Mechanisms of Protein Mislocalization in Neurodegenerative Disease



Journal Title

Journal ISSN

Volume Title



Fronto Temporal Lobar Degeneration (FTLD) and Amyotrophic Lateral Sclerosis (ALS) are two fatal and rapidly progressing neurodegenerative diseases. A unifying characteristic of these diseases is the mislocalization of an RNA-binding protein, TDP-43. In unstressed cells, TDP-43 is predominantly nuclear and constantly shuttling to the cytosol; in ALS/FTLD, TDP-43 is aggregated in the cytosol. Two lines of evidence suggest this shift is a cause, rather than an effect, of disease. First, point mutations in the C-terminus of TDP-43, which enhance its aggregation, are a rare cause of familial ALS. Second, animal models which replicate the disease-linked redistribution of TDP-43 in motor neurons demonstrate the progressive muscle weakness and loss of spinal cord mass seen in patients. However, little is known about the cellular insults that promote TDP-43 mislocalization. My graduate work makes two contributions to this understanding. First, I elucidated a major determinant of normal TDP-43 trafficking. TDP-43 localization is governed by the balance between nuclear import and nuclear export. While a model for TDP-43 nuclear export had been proposed, there was no direct experimental evidence supporting it. I have shown that the proposed model of TDP-43 nuclear export is incorrect; the putative nuclear export signal (NES) does not mediate nuclear export, and TDP-43 nuclear export is XPO1 independent. Additionally, my data suggest no discrete trafficking signal within TDP-43. Rather, I propose that TDP-43 nuclear export is primarily driven by diffusion through the nuclear pore. Second, I focused on an upstream event known to affect TDP-43 localization: progranulin secretion. One genetic cause of FTLD is a single loss-of-function mutation in GRN, which causes progranulin haploinsufficiency. For reasons that are still unclear, a lifetime of progranulin haploinsufficiency in a patient causes FTLD with TDP-43 mislocalization. I focused on how a subset of GRN mutations- the signal sequence mutations- prevent progranulin secretion. I found that the W7R and A9D mutations disrupt co-translational recruitment of the targeting factor SRP (Signal Recognition Particle). This triggers a quality control pathway called RAPP (Regulation of Aberrant Protein Production), which results in degradation of both mutant protein and mutant mRNA. Thus, RAPP mediates progranulin haploinsufficiency in these patients.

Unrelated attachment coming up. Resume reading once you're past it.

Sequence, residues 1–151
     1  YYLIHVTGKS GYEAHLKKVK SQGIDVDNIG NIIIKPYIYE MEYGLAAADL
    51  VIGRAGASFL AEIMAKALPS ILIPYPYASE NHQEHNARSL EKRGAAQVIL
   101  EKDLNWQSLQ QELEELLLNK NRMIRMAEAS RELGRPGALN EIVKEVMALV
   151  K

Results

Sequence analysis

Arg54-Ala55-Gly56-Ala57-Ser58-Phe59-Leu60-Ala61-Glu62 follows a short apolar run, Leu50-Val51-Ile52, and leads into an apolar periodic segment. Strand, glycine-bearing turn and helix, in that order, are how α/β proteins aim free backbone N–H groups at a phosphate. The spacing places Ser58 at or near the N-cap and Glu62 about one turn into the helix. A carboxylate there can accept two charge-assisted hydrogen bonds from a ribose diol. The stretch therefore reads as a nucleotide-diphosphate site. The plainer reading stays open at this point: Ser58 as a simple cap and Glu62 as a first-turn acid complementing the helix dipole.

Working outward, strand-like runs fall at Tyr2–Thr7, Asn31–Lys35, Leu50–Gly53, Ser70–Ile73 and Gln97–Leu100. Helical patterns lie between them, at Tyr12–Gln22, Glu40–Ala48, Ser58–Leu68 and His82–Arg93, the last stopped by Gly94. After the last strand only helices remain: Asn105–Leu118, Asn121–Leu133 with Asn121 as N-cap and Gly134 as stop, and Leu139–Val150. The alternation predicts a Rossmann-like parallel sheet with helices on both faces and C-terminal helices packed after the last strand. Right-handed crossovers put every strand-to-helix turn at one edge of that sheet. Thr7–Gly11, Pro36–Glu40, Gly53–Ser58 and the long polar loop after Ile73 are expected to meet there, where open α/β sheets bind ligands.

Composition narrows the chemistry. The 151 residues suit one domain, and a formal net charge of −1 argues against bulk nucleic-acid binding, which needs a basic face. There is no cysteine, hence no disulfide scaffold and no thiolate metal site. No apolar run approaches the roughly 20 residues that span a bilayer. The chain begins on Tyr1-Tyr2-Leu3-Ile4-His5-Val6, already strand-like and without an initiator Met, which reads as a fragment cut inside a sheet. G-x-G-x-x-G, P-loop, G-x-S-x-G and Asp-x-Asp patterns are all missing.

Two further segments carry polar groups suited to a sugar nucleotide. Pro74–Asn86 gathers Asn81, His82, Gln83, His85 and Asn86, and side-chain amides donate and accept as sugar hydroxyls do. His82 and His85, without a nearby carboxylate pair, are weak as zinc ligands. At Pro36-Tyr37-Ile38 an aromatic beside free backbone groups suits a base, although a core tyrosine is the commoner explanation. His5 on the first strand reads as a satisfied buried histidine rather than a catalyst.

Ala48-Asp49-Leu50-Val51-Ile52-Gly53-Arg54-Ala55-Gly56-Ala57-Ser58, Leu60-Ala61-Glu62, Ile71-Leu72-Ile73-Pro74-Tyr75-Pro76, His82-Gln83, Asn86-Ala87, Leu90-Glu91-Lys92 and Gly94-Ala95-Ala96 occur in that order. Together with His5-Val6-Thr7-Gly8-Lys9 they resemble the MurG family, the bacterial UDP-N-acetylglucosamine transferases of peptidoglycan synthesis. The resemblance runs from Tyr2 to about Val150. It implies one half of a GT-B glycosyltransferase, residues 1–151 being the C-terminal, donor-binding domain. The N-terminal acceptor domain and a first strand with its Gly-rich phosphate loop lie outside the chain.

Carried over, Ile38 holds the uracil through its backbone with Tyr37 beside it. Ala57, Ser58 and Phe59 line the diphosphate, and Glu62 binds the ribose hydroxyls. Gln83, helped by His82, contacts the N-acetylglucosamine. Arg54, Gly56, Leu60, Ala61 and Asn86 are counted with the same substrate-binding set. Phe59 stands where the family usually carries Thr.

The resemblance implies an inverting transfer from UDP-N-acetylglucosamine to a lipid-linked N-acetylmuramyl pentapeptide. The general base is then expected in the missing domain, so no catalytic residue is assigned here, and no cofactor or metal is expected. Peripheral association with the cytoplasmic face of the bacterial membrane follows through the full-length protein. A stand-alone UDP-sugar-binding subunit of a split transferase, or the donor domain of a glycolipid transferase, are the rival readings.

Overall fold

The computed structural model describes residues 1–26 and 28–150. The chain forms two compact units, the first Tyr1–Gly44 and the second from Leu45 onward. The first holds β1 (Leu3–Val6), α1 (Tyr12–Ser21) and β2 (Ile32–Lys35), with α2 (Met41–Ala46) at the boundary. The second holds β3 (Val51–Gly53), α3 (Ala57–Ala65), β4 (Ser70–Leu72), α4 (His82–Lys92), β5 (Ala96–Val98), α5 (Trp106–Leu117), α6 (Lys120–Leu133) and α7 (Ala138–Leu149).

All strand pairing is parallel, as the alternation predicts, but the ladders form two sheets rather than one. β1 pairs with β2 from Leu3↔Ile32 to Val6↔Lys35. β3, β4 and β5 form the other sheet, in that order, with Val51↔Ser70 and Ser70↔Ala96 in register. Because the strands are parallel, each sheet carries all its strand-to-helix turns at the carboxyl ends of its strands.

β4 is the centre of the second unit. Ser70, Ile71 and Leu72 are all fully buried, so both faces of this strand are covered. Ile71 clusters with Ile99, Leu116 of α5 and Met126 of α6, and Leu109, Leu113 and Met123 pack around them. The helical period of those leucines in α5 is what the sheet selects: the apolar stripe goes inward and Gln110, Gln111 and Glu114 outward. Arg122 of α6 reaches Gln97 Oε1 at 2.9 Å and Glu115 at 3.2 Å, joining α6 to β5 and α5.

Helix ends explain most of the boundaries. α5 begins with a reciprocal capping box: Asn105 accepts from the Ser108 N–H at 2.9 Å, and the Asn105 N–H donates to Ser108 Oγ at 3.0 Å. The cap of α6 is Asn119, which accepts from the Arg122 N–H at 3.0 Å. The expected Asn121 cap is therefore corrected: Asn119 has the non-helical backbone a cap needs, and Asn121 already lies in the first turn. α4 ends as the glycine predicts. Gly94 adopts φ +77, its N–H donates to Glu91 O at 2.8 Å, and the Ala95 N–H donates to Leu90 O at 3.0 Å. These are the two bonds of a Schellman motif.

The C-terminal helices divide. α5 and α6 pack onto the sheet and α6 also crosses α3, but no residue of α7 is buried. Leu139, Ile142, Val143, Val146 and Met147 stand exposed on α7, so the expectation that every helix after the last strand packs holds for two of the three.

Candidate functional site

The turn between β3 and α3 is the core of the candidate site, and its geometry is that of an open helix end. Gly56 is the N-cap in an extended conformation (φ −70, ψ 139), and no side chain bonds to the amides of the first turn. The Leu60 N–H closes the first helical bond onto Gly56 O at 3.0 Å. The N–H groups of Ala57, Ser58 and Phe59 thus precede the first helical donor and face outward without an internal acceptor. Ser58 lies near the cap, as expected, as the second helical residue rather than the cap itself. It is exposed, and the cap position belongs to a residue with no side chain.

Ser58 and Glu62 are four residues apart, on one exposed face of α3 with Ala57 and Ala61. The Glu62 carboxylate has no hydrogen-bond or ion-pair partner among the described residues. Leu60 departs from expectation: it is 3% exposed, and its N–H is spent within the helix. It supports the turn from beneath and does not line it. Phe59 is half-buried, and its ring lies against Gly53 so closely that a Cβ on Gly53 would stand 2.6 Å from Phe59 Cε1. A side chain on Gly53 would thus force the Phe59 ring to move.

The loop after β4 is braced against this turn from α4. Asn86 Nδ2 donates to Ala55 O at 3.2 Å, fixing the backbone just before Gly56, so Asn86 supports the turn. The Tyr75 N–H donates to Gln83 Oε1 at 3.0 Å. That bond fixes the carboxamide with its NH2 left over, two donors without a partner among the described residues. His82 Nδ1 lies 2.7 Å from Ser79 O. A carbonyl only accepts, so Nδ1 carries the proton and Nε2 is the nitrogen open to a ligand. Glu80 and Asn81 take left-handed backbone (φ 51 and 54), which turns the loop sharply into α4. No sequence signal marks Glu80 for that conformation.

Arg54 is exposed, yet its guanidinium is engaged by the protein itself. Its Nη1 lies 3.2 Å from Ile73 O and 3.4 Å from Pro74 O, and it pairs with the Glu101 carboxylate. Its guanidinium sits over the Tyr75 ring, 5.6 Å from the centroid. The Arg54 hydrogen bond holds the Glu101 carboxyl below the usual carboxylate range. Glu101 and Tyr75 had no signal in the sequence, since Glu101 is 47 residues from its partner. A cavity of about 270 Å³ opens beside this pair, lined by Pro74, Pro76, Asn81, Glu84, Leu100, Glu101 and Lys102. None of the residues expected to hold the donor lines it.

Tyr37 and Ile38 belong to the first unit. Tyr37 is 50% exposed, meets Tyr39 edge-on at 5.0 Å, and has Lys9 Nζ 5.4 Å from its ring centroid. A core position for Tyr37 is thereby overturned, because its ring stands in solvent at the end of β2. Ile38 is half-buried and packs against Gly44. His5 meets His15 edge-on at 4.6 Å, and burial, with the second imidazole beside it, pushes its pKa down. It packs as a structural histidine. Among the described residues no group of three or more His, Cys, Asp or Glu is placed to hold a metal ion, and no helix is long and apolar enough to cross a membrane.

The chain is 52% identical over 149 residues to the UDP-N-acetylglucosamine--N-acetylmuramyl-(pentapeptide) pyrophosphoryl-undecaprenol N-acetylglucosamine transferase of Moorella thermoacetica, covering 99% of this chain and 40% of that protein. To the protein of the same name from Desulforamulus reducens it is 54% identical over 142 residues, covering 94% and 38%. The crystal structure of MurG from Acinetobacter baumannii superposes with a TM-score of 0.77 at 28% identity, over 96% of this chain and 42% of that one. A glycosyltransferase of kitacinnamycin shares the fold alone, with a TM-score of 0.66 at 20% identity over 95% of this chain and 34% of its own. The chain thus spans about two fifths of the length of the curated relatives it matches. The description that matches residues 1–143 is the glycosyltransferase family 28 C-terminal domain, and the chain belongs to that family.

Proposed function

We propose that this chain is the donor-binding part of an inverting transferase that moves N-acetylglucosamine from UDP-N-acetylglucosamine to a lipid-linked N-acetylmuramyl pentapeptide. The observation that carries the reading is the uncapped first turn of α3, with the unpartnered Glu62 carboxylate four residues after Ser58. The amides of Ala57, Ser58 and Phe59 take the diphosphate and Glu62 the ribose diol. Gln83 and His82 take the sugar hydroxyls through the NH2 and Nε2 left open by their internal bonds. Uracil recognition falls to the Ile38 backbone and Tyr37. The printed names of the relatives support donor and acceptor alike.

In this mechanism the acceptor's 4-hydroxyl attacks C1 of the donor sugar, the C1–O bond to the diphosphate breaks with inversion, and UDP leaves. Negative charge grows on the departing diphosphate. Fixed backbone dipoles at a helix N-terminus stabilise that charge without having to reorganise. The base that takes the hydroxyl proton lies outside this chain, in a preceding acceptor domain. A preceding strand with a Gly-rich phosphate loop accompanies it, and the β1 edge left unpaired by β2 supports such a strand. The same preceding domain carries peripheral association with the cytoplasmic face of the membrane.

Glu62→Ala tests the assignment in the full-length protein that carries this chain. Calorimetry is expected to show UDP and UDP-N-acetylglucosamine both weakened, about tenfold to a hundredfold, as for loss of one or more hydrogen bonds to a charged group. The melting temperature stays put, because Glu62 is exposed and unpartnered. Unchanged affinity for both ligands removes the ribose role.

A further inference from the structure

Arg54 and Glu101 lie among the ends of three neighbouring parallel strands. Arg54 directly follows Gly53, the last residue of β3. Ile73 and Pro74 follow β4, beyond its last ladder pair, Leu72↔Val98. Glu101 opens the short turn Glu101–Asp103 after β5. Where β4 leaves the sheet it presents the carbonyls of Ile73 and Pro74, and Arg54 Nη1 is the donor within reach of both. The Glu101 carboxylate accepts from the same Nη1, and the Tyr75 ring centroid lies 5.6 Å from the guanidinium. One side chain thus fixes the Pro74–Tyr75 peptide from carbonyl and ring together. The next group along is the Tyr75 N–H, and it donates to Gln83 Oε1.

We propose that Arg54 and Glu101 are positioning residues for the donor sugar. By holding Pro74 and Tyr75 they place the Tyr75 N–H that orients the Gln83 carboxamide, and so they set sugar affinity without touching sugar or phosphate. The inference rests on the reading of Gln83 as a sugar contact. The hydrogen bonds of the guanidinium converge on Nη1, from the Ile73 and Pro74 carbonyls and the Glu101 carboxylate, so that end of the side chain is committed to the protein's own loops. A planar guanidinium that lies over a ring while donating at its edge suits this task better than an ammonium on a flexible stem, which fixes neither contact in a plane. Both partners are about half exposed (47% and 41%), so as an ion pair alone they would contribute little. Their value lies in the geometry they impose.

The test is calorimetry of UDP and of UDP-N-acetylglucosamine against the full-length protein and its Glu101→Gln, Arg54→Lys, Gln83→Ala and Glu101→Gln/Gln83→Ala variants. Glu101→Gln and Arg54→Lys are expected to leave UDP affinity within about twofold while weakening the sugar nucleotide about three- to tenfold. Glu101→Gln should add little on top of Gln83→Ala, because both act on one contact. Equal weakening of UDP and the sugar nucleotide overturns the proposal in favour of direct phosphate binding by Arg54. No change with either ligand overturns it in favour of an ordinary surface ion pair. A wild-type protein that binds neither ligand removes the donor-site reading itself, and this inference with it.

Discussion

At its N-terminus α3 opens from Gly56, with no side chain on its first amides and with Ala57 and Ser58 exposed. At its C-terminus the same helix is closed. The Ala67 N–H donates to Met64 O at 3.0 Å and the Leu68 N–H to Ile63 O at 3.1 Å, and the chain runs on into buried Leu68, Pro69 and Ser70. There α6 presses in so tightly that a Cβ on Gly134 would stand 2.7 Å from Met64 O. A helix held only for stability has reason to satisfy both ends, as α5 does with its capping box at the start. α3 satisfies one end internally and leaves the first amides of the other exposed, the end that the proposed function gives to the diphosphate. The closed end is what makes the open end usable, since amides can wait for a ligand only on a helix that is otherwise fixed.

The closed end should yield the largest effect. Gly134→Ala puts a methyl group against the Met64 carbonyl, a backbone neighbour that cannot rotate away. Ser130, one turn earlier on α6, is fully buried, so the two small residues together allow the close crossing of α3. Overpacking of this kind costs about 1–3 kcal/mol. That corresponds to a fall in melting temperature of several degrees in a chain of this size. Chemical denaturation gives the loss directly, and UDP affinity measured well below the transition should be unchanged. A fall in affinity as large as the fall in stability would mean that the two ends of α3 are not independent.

General Notes

Table of Contents


Related URI